There’s a shift I’m beginning to notice. My intention in making my home on one of your mountains was to fall in love in a new way – to see with new eyes. You’ve heard me say I can stare at your trees for hours … Continue reading Dear Arkansas,
On at least one occasion, he donned a bathrobe and appeared in the living room to discourage a date from lingering. He still wears his rayon shirts from the 80s, and I love this. I’ve seen him teary, maybe, a half dozen times, … Continue reading A Few Things I Know About My Dad
We make our home on the mountain Alongside those who make their home Between the branches and the twigs dangling midair Their silky shelters are the shape of impermanence and plenty Vultures are the poets here Hickory nuts write letters on the land I … Continue reading Family Relations
Grateful to Relief Journal for giving this piece a home!
There are days when I feel like I am in a hell of my own making – à la C.S. Lewis. I have every reason to be gloriously happy – dream job, dream husband, living in Montana, plentiful adventures, abundant community – and yet I feel … Continue reading Welcome to the Jungle
Arkansas carves a daily ache Greeted by a fat skink scuffling below a sweetgum A tick burrows into my foot and Constellations bloom across my skin All this unarranged communal intimacy All my friends feel like lovers Even Trombicula autumnalis Maybe it … Continue reading Daily Ache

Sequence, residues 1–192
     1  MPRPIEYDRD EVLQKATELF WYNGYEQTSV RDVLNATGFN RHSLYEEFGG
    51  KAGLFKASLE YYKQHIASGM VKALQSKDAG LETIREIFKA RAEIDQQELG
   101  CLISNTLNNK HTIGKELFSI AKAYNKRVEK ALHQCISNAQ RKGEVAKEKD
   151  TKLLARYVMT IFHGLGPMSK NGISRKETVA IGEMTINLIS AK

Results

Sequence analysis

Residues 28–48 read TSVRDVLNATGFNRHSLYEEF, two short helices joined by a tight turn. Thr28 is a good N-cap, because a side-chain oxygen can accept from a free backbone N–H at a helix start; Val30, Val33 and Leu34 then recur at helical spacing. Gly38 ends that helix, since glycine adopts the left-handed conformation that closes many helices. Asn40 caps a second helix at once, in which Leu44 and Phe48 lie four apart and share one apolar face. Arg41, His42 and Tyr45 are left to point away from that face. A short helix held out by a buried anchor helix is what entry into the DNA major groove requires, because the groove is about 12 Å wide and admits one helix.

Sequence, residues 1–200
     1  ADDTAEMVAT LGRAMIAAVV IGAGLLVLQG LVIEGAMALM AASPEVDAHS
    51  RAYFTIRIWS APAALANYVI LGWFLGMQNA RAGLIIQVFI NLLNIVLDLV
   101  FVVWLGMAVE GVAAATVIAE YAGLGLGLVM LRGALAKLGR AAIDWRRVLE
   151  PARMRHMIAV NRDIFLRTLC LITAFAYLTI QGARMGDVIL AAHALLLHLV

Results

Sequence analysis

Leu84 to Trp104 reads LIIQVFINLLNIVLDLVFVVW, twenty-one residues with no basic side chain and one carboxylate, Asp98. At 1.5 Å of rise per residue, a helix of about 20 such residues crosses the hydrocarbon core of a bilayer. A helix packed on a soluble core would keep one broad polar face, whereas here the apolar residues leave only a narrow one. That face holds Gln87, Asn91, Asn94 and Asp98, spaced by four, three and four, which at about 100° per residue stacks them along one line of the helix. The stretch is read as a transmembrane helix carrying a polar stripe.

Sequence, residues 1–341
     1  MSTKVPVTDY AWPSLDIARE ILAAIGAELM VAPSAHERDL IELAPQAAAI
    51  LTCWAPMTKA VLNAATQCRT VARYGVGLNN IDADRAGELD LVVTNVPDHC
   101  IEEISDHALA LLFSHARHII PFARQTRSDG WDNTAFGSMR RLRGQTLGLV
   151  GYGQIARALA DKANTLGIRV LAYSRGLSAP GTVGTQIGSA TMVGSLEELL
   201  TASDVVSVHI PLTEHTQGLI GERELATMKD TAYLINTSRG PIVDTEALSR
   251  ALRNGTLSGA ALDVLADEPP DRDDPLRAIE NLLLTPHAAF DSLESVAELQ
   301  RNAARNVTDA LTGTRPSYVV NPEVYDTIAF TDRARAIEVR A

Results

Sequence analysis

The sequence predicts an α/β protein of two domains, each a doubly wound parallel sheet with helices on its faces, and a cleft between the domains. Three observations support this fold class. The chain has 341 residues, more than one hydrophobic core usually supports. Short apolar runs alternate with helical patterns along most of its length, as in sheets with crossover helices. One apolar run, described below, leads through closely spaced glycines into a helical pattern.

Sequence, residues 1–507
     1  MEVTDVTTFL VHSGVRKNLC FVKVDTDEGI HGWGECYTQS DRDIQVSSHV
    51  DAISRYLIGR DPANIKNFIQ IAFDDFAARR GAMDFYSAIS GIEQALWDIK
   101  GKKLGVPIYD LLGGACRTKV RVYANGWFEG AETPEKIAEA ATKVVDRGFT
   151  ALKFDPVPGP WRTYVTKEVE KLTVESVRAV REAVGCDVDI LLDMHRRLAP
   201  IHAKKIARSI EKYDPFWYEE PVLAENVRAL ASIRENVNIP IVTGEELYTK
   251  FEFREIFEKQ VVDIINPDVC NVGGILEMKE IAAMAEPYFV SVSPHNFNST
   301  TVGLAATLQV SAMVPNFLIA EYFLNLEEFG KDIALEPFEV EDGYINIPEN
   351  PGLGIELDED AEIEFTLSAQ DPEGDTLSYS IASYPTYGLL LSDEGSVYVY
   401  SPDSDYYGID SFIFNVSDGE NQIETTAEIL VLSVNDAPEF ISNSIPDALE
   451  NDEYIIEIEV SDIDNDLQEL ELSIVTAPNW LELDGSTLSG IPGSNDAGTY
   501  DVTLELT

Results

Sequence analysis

Let me feel the faith of hermit crabs waiting for the tide’s return. Let me be renewed by a fisherman walking to the surf near sunrise. Each day. Each morning. To the voice chirping, “You are not enough,” I sing in kind, … Continue reading Perdido Key, July 2018
8th Floor of the Wilma. Our windows frame Caras Park–the carousel–a smidgen of the river and Bitterroots. Candied cottonwood resin drifts into our studio. (I once smelled these buds on the Kim Williams Trail with a man I should have never known.) The western valley … Continue reading One Morning in Missoula
Art House America gave a home to my essay about tanning hides and divorce.
Between the gumbo and the beer, we map our funerals on a paper tablecloth at Fisherman’s Corner. Our waitress remembers us from May. “Kids are the ones who scribble on the sheet,” she says, “Aren’t you the one who bit into a pearl?” “Yeah, it’s … Continue reading A Light Lunch